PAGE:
The work is inspired by and imbued with the Greek Orthodox Athonite monks’ tradition of hesychasm, the theological concept that one can reach communion with the uncreated light of God’s truth through perpetual prayer. It created a huge theological dispute in the Byzantine Empire in the 14th century, but in the end prevailed.

The six narrations that punctuate the oratorio weave a complex tapestry that combines Orthodox theology with the diachronic quest for truth and light in Greek thought, from philosophy (especially Plato, who through neo-Platonism especially has had a strong impact on Orthodox theology, but also Heraclitus and Anaxagoras), to ancient drama (with extensive references to Euripides’ Hippolytus), and poetry (from Homer to Odysseas Elytis).

‘Dialogue’ of Byzantine Music with modern audiences

In an exclusive interview with To Vima, Katsigiannis speaks of the spiritual underpinnings of the works that comprise the Great Hours, including “Siopis Topos” (Place of Silence), and how modern audiences can connect with the wealth of the  heritage of Byzantine music and Orthodox theology.

“Often I wonder whether in the end such a composition can touch and enter into a dialogue with society. My experience with the first cycle of the Great Hours, entitled «Siopis Topos» (Place of Silence), brought me optimistic feedback. There were people of different generations and ages that were moved, and understood the musical climate and my internal need to express myself through the art that I serve on a matter that is so personal for each person individually, but also for the composer,” Katsigiannis said.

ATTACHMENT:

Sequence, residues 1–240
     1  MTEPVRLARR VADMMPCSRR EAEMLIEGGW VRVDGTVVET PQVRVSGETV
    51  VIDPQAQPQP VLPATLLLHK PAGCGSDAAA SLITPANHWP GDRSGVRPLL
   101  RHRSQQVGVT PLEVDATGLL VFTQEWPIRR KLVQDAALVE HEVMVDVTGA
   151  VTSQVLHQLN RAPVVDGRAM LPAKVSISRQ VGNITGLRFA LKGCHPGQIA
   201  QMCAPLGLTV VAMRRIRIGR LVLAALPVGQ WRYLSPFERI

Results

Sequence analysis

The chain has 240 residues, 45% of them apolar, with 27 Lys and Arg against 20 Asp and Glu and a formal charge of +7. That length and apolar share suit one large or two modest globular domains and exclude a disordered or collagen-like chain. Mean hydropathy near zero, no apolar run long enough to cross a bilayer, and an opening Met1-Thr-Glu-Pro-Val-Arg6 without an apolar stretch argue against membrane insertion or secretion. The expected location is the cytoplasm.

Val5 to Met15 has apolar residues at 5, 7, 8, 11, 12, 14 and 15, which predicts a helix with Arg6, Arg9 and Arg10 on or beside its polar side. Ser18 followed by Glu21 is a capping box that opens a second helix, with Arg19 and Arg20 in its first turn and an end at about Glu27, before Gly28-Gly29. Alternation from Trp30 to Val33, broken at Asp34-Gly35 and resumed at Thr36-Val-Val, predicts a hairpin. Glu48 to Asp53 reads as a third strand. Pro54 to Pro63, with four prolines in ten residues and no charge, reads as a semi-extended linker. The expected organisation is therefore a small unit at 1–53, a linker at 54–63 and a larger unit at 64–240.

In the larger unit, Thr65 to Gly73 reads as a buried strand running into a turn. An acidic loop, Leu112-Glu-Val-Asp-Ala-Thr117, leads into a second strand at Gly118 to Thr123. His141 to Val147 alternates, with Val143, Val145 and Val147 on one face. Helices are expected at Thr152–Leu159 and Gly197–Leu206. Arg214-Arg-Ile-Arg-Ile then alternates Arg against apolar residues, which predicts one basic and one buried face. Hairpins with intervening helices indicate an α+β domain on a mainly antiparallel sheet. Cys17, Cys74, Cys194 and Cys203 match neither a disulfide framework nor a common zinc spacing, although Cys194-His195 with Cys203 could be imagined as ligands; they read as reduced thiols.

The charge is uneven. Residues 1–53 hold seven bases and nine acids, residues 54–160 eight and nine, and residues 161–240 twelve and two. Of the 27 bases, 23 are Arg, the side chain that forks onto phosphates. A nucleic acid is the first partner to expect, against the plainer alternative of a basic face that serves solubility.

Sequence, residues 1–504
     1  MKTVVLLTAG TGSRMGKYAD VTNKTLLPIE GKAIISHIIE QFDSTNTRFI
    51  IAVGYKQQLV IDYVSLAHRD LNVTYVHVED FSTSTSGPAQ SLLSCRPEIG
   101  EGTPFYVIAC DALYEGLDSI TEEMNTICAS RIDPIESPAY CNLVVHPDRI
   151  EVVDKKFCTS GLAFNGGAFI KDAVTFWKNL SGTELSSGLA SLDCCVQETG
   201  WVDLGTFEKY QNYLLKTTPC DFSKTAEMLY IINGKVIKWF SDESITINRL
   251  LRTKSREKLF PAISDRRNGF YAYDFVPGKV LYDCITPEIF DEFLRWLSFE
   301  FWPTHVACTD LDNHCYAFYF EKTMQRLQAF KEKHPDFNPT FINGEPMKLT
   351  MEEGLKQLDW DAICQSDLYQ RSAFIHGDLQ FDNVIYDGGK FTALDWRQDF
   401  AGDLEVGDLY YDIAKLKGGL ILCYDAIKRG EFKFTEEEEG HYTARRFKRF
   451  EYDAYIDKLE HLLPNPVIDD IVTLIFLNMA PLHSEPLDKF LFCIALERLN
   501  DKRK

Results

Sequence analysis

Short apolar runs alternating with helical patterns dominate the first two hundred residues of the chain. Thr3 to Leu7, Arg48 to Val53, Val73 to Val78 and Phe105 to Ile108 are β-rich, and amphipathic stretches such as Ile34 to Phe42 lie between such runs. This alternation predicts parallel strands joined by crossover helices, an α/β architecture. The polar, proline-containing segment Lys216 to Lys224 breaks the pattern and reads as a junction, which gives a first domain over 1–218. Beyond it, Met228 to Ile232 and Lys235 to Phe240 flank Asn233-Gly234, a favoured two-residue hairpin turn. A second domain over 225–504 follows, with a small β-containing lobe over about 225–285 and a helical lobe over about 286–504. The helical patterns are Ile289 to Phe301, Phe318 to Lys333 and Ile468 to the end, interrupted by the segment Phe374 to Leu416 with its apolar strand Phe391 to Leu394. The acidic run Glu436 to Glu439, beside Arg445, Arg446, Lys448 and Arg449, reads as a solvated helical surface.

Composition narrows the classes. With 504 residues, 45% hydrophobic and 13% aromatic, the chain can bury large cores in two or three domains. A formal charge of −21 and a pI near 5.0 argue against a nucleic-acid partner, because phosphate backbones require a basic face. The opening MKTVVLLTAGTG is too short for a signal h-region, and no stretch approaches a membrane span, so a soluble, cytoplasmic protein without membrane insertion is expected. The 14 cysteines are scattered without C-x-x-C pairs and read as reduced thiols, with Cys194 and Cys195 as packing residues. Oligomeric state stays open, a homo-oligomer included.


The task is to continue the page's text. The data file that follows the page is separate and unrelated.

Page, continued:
The ‘high art’ of Byzantine music, the diachronic Greek musical tradition

“Byzantine music is a high art, an art that it closely intertwined with the culture of our people. It is an art that combines the East with our religion and tradition,” Katsigiannis said.

“I was lucky because I grew up in a home where we heard all sorts of music, and I learned to respect each genre and to love the tradition of our people. Hence, just as I studied and continue to study the other types of music of our people, of our national music, so, too, I studied Byzantine music, and had the good fortune to have great teachers, such as Manolis Hatzimarkos and Manolis Meletis. If you listen carefully to my music, you will always find such elements even in my compositions that are the most Western in style.”

‘Feelings of joy’ at Herodes Atticus theatre

In tonight’s concert, Katsigiannis aim was for the audience to sense a spiritual fullness. Judging by the fact that it brought the house down, that objective was achieved.

“I want them to be filled with feelings of joy, not in the sense of the joy of entertainment, but with the fullness that music creates. I want them to pay attention to the words, and for each person to travel, so that the small moments of a concert can be transformed into the Great Hours of something new, that will be born inside them,” he said.

Renowned Greek  singers Glykeria and Dimitris Basis (photo), along with famed American actor, musician and author Jonathan Jackson (who has converted to Eastern Orthodoxy), sang in the concert.

Celebrated Greek actor Nikitas Tsakiroglou, offered a stunning rendition of the six narrations.

The three choruses that participated were: “Chorus Vivendi” with maestro Ioannis Vryzakis, the “Melodoi” chorus of Nea Smyrni under maestro Georgios Ziakas, and the University of Thessaly Chorus under the direction of maestro Nikos Chiotoglou.

Katsigiannis is preparing to take “Megales Ores” on tour to Cyprus, the US, and Central Europe.